In 1978, the Indian Child Welfare Act (ICWA) began the process of ameliorating centuries of prejudice, racism, and deliberate attempts to strip Indigenous peoples of their culture and heritage. The legislation created legal boundaries to protect Indian families and communities from the loss of their children. Forty-five years later, the United States Supreme Court (SCOTUS) reaffirmed the value of these boundaries in its recent decision to uphold the federal ICWA in Haaland v. Brackeen 


As SCOTUS announced its decision, our Indigenous-led research team was already hard at work analyzing the impacts of one of the country’s most comprehensive acts protecting Indian children, Nebraska's Indian Child Welfare Act. The Honoring Indigenous Families (HIF) project, funded by the Robert Wood Johnson Foundation's Policies for Action program, explores the legislation's effects on Indian families whose child welfare cases go to state courts.  


This collaborative effort among the Nebraska Indian Child Welfare Coalition, Inc. (NICWC), Nebraska Appleseed, and the University of Oklahoma is the first to analyze the impact of Nebraska’s ICWA beyond the county level. The collegial spirit among Nebraska's child welfare and Indian-serving agencies uniquely positions us to do what many in other states think is implausible because coordination across these systems is typically lacking.  
Exploring lessons from Nebraska’s ICWA policy implementation 


Our research through the HIF project will provide critical insight into the effectiveness of ICWA policy and practice changes and produce replicable evaluation strategies for other states and the federal government. In addition, it will identify barriers and lessons learned through Nebraska’s more than five years of implementation that other states can learn from in implementing their own ICWA compliance procedures.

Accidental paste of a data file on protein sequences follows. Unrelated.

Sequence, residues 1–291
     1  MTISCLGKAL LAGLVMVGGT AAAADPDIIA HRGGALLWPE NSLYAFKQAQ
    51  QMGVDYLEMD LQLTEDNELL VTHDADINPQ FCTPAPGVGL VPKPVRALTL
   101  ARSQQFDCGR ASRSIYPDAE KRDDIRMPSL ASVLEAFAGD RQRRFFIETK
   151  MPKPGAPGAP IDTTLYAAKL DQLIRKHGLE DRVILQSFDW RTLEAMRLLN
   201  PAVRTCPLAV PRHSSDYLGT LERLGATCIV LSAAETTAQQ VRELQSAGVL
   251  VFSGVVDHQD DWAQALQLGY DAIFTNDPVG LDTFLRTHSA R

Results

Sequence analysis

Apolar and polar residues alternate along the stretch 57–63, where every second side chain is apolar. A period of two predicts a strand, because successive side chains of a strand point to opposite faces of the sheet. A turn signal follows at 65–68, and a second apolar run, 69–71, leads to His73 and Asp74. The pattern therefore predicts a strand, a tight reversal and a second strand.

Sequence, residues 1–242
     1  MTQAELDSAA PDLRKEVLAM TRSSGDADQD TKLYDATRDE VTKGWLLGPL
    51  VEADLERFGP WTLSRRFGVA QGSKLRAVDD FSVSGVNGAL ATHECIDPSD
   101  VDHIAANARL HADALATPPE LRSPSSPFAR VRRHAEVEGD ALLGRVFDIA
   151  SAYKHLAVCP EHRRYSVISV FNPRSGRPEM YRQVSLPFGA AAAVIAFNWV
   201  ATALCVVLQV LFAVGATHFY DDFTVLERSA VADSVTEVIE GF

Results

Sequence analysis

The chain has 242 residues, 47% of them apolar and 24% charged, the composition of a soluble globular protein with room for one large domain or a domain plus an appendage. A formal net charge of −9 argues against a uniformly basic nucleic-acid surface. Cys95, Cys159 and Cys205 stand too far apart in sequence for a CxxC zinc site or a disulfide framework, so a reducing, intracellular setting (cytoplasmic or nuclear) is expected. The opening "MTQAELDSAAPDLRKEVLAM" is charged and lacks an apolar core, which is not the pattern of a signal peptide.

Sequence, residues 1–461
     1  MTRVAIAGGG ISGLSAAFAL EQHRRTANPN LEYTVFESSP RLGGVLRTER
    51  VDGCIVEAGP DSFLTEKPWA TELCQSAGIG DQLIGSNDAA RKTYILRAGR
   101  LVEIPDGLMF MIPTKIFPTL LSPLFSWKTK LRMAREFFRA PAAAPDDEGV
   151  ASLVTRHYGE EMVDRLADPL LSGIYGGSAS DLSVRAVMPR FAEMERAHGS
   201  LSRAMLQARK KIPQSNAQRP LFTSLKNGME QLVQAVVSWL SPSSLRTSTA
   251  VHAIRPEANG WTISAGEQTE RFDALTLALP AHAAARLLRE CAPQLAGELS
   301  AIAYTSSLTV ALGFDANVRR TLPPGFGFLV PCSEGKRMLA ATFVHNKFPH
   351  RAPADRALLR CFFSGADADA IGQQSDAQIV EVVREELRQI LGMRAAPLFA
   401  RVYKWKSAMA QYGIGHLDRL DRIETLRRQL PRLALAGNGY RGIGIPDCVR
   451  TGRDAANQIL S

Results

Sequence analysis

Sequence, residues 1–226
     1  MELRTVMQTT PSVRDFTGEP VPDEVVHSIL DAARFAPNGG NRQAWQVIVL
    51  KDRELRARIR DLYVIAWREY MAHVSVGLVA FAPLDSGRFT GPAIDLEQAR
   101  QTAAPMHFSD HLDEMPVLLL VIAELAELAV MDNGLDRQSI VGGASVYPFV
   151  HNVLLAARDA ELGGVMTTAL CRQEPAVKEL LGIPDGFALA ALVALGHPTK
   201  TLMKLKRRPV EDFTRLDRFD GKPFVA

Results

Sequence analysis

Led by Indigenous people and spearheaded by NICWC, the HIF project centers on achieving equity for Indian families and communities. Through the HIF project, we hope to both demonstrate how Nebraska’s ICWA resulted in better outcomes for Native American children and families and identify which parts of the child welfare system still require additional improvements. 


The project is the first step in understanding how best to support Indigenous communities in Nebraska in restoring balance within their communities and building strategies to overcome the historical trauma that has disrupted tribal communities for over a century.  
Positive trends in reducing American Indian child adoptions by families who are neither kin nor Indian 


American Indian/Alaska Native children are overrepresented in the foster care system.  However, initial data from the National Center for Juvenile Justice suggests this trend has been changing for Nebraska children since the state revamped its ICWA in 2015. That year, Nebraska had an American Indian/Alaskan Native disproportionality ratio of 7, meaning this group was 7 times more likely to show up in the child welfare system than the white population. Nebraska’s ratio was the second highest in the country, behind only Minnesota. By 2018, the ratio had fallen to about 4th in the country, behind Minnesota, Wisconsin, North Dakota, and South Dakota. 


In addition, initial findings from examining the Adoption and Foster Care Analysis and Reporting System indicate that American Indian children are less likely to be adopted by non-Indian non-kin now than before the 2015 statute.  


A more thorough picture of how Indian child adoption cases progress through systems 


ICWA compliance requires much more than lowering disproportionality ratios and reducing the number of adoptions that potentially separate Indian children from their communities; being able to examine the life of a case through both child welfare and juvenile court systems data will best depict how these cases progress through the various systems Indian children and their families navigate. 


Remembering that the removal and placement of Indian children away from their families and communities is a central component of historical trauma, Indian child welfare practice must account for individual, family, and community-level trauma while negotiating with a system that has been an instrument of community disruption in the past.  


Because of this history, pursuing a culture of health regarding child welfare practice must involve healing and restoring balance between systems of care. This is especially true in intergovernmental relationships among tribes and states, their respective child welfare units, and their respective tribal and state courts. 


For more information about the HIF project or NICWC, please contact Misty Flowers at or Claudette Grinnell Davis at 

Related Projects